Climate change and trade agreements Friends or foes?
The Intergovernmental Panel on Climate Change (IPCC) has shone a spotlight on the devastating humanitarian consequences the world can expect if global warming exceeds 1.5°C. Despite the 2015 Paris Agreement, most countries’ climate policies show a chronic lack of ambition and the world remains on track for temperature increases of more than 3°C. Against this backdrop, the world needs transformative solutions.
In climate policy discussions, relatively little attention is paid to the global trade architecture. Bilateral, regional or World Trade Organisation (WTO) trade agreements could help to meet climate goals—for example, by removing tariffs and harmonising standards on environmental goods and services, and eliminating distortionary and poorly designed subsidies on fossil fuels and agriculture.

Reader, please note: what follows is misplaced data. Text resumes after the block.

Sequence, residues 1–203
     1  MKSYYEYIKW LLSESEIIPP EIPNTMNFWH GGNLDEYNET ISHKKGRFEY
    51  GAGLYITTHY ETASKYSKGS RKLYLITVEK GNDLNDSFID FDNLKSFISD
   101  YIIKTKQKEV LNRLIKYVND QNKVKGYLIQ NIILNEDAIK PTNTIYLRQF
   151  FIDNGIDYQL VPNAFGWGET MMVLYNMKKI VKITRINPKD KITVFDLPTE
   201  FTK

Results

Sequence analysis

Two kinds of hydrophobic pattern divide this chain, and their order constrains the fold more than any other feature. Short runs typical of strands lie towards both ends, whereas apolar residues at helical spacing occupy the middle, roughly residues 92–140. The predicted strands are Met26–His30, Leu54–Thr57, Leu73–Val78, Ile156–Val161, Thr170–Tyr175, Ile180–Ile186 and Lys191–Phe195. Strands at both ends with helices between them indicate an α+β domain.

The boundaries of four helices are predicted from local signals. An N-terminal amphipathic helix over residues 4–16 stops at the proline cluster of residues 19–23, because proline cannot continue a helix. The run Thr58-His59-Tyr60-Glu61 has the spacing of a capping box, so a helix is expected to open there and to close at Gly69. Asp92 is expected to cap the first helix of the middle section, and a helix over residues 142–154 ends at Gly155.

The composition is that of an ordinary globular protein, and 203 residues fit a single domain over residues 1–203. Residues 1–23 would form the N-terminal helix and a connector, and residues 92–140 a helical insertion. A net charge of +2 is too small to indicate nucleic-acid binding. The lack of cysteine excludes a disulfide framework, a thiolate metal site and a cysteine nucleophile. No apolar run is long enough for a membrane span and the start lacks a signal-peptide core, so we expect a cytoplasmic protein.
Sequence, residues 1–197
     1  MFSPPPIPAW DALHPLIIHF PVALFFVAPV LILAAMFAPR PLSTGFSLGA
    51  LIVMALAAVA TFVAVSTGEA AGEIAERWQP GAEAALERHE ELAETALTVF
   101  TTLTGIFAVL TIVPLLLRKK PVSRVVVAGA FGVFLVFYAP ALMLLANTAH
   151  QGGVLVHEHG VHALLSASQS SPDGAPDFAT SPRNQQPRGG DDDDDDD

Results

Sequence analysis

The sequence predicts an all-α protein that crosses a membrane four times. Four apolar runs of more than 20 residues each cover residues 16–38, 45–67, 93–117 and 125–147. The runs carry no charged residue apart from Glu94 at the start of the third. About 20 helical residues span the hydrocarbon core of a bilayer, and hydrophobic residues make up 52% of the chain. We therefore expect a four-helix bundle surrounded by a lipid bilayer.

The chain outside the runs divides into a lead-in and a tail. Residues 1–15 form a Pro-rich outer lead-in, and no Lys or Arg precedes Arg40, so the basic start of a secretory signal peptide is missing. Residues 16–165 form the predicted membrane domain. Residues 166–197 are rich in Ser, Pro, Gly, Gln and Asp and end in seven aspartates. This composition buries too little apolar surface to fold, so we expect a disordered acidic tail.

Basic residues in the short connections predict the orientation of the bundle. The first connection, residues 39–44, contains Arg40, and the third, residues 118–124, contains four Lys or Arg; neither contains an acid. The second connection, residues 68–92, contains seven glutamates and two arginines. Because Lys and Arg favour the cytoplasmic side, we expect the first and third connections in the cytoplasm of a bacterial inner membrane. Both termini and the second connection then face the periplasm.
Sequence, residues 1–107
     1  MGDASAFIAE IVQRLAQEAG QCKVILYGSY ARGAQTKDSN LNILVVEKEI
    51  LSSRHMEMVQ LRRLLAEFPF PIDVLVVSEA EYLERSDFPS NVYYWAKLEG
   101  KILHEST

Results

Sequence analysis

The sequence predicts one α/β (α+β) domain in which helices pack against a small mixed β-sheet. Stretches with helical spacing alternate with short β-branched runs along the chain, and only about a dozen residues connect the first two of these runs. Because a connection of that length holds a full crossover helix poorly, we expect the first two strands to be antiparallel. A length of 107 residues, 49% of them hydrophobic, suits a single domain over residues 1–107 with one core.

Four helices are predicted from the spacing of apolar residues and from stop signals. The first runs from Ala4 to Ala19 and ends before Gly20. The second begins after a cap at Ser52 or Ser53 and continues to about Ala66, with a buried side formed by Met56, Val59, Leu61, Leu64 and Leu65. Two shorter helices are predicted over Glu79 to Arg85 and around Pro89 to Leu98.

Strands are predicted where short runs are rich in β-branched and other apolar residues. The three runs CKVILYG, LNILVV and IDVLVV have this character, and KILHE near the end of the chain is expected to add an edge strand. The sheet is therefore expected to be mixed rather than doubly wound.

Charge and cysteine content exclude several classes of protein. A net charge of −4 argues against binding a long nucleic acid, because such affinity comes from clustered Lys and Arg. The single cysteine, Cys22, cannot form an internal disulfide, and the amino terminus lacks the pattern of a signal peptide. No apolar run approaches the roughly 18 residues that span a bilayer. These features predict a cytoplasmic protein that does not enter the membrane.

Despite the potential for trade–climate synergies, the weight of historical evidence is heavy in the other direction. Universal tariff reduction has increased trade in carbon-intensive and environmentally destructive products, such as fossil fuels and timber, more than it has for environmental goods.
In some cases FTAs can also shrink the “policy space” available to countries to pursue environmental goals, for example if they prohibit, or are perceived to prohibit, a country’s ability to distinguish between products according to emissions released during their production. This report assesses the degree to which the WTO and four contemporary free trade agreements (FTAs)—CPTPP, EU–Singapore, EU–Canada and Korea–Australia—support seven opportunities for boosting climate-friendly trade flows.